At the end of a 12-week leave under the FMLA to deal with back pain Severson underwent surgery, which required that he take an additional two to three months off from his job to recover. Heartland denied Severson’s request for additional leave and terminated his employment but invited him to reapply once cleared for work.
Instead of reapplying, Severson sued Heartland under the ADA for denying him the accommodation of three-months leave — beyond the 12 weeks of FMLA required leave — and terminating his employment. While it is the EEOC’s position “that compliance with the FMLA does not necessarily meet an employer’s obligation under the ADA,” the 7th Circuit Court held in Severson v. Heartland Woodcraft Inc. that Heartland did not violate the ADA by denying Severson additional time off after he exhausted his FMLA leave. Severson v. Heartland Woodcraft, Inc., 872 F.3d 476 (7th Cir. 2017)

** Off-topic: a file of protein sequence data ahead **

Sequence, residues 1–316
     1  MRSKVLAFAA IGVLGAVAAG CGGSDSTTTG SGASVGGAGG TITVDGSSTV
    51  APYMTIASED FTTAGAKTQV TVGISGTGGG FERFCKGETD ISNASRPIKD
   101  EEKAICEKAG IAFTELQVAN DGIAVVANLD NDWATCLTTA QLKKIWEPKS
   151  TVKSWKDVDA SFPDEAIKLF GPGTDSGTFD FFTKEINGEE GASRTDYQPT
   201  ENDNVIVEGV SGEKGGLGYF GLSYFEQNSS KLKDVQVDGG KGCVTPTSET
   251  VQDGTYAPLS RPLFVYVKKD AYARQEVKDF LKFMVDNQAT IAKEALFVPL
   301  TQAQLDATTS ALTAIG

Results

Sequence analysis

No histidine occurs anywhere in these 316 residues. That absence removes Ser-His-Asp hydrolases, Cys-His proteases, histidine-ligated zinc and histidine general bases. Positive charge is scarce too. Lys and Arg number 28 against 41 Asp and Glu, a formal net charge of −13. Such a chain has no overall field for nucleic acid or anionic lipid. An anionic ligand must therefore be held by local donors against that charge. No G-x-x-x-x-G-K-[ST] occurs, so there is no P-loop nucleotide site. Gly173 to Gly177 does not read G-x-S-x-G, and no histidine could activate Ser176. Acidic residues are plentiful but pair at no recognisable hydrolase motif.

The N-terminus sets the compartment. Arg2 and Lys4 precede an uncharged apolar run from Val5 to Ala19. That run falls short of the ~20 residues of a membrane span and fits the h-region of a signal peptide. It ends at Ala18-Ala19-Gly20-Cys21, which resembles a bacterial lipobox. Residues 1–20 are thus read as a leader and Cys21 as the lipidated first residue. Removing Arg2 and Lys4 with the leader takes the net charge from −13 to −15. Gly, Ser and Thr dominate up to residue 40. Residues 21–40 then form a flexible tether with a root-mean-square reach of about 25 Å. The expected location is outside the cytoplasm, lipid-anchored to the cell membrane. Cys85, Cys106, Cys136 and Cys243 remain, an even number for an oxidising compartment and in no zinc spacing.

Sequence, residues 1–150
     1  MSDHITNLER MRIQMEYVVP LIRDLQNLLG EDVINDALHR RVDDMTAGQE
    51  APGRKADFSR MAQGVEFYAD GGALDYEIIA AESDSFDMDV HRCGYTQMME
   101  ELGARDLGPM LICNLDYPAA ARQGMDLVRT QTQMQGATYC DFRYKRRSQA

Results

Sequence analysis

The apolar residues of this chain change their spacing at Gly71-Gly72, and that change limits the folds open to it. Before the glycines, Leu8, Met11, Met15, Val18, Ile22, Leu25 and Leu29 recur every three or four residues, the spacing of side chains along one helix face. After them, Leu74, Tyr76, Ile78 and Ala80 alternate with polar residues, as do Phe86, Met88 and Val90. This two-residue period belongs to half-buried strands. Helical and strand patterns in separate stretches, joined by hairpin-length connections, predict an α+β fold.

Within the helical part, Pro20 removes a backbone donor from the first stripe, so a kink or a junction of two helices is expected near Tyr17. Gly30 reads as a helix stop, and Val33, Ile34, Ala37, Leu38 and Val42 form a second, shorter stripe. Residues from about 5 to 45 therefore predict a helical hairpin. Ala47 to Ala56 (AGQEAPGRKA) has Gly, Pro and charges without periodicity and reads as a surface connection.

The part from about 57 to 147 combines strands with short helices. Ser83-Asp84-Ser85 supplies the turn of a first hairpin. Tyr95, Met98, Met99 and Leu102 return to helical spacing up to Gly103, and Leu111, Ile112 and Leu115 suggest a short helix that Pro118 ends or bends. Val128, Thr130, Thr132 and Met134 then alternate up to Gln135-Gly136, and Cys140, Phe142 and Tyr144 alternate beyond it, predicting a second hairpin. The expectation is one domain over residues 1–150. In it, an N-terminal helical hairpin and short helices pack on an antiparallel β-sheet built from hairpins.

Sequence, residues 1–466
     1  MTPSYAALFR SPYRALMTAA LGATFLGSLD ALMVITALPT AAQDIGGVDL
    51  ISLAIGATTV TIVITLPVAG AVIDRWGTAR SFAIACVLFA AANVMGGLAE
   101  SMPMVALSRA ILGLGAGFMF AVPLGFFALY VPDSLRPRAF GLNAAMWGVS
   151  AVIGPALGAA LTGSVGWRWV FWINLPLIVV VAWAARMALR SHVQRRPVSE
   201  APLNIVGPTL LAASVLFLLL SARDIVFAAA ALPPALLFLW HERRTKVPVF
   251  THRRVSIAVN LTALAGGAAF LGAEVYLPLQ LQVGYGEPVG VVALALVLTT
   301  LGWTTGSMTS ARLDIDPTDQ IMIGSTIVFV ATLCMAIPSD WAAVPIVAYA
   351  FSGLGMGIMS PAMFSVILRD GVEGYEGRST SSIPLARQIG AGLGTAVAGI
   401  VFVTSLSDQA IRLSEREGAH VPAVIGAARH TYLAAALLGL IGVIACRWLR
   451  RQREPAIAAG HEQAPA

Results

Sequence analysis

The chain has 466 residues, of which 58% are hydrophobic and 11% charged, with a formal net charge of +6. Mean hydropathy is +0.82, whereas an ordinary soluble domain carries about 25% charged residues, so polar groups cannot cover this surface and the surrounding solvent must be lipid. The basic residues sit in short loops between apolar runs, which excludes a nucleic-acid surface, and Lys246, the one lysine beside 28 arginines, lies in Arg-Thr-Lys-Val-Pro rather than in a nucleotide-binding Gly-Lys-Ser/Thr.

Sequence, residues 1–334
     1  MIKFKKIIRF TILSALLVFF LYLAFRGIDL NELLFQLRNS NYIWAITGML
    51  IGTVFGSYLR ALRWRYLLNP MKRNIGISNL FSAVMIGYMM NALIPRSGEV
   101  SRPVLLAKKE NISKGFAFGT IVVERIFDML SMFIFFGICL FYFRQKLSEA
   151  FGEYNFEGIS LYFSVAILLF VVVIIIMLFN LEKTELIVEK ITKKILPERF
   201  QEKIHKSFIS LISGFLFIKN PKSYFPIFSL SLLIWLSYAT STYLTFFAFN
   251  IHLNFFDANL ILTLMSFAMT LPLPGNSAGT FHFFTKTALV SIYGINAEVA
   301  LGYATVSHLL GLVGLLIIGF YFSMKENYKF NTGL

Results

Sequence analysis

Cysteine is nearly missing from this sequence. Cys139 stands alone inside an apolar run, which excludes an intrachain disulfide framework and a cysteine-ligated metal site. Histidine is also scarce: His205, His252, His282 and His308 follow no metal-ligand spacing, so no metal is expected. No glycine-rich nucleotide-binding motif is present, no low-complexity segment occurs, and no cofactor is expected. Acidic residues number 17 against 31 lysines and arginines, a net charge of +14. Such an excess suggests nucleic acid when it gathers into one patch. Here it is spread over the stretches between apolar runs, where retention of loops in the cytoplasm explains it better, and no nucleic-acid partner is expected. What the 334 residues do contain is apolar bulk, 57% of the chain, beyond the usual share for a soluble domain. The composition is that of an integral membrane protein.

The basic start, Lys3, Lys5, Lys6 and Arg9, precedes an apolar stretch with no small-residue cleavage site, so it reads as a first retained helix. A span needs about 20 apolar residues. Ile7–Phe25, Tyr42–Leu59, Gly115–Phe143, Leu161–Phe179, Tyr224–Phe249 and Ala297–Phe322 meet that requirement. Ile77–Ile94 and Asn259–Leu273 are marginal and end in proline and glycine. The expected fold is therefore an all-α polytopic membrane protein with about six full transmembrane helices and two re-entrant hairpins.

Impact: An employer in Illinois, Wisconsin or Indiana that is subject to the FMLA and has a clear and consistent policy to provide no more than the 12 weeks of FMLA leave may not be required to provide additional long term or indefinite leave as an accommodation under the ADA.
Heather A. Jackson and Rachel L. Schaller are attorneys in the Employment Law Practice Group at Taft Stettinius & Hollister LLP, which has offices throughout the Midwest. Comment below or email firstname.lastname@example.org.